‘We had quite a large exposure to renewables and shale where we expected more resilience. It looked like the big shale companies would be largely unaffected by falling oil revenues, but their prices sometimes corrected even more than direct oil and gas companies.
‘It is difficult to say why renewables followed suit because, historically, they have had a fairly low correlation to oil prices. When the price started to collapse, the correlation increased significantly and it stayed very high until recently. Perhaps it was more of a psychological thing,’ he says.
By staying fully invested throughout the difficulties, Cominotto had to weather the storm. This meant enduring OPEC’s decision not to curb supply at its December 2014 meeting – something his counterpart at Guinness AM, Jonathan Waghorn, described as the ‘worst possible move’. This dealt yet another blow for oil and any energy stocks linked to it.
Cominotto did shift away from larger operators and focused more on value chain stocks, but the catch-all nature of the slump again caught up with him. ‘We had been diversified a bit more into energy-related industrials and some utilities but it was not enough to really decouple from the sector’s performance,’ he says.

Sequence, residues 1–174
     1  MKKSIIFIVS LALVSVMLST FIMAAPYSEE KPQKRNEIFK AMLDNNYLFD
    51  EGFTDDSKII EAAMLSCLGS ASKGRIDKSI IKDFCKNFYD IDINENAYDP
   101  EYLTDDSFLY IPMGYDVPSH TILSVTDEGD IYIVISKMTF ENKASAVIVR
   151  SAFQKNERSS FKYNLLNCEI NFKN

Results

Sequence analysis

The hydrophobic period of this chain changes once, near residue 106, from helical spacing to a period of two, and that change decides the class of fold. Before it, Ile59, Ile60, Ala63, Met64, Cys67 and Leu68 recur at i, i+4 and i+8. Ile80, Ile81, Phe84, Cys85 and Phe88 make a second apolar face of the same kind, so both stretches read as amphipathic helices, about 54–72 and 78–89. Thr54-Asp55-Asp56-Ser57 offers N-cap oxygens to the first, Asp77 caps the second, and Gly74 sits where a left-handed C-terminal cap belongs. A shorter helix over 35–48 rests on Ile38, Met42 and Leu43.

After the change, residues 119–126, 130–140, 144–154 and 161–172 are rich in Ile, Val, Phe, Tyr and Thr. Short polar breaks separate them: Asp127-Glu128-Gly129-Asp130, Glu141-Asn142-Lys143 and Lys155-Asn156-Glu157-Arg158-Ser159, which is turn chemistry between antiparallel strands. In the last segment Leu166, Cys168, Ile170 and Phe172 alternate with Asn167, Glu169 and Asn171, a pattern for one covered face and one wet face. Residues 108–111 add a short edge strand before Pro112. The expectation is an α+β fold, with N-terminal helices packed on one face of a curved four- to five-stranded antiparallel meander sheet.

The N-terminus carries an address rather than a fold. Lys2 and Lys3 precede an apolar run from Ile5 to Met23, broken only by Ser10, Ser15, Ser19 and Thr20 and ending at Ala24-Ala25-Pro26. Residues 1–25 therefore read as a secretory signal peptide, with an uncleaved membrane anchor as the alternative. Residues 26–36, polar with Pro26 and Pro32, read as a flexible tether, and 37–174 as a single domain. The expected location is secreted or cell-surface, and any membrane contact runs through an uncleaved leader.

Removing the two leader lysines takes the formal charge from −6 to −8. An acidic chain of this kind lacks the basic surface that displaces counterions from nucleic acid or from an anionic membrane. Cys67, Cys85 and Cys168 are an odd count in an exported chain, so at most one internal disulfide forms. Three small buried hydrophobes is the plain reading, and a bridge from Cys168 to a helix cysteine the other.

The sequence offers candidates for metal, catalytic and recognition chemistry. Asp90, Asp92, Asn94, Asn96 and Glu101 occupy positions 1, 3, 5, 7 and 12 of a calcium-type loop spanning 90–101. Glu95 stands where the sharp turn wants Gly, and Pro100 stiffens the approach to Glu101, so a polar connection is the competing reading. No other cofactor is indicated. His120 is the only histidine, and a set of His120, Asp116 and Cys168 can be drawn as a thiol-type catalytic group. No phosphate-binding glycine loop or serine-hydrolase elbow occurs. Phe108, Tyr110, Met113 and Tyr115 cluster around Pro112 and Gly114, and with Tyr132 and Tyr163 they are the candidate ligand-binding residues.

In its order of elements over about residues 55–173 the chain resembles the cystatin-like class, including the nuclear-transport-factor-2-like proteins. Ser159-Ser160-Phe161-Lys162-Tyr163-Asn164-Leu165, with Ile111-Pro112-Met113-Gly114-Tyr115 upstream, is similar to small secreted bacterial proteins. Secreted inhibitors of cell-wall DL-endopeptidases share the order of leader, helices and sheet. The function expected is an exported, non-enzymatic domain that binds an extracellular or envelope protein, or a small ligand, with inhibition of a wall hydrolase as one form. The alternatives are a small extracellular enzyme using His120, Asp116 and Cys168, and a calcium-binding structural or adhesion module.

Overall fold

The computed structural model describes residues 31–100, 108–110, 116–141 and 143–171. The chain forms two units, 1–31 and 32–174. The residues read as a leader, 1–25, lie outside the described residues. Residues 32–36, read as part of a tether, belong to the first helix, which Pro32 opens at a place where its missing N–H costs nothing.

Cominotto was also keen not to over-react and veer too far from his strategy. While the strategy was rechristened the Energy fund rather than the Energy Transition in February this year – to reduce misinterpretations of it being a renewables fund – he vowed to not change his investment approach as he believed the market was set for another shift.
‘Over the course of 2015, there was a lot of talk about energy or oil prices being lower for longer, but I am not sure about that view. When prices went below $30, that was unsustainable because at those levels the whole industry is uneconomic and nobody is willing to invest in new resources.
‘Oil prices will have to go back to levels where producers are incentivised to invest again.’
Oil to heat up
...and five year figures are equally eye-watering
Recently Cominotto added to his oil, gas and consumable fuels allocation, and although these stocks are down from the 51% level they accounted for at the start of the year, they still represent 39.5% of the fund.
‘We have substantially increased our weighting in oil & gas, directly-related sectors and industries, because of this constructive view on oil and gas prices,’ he says.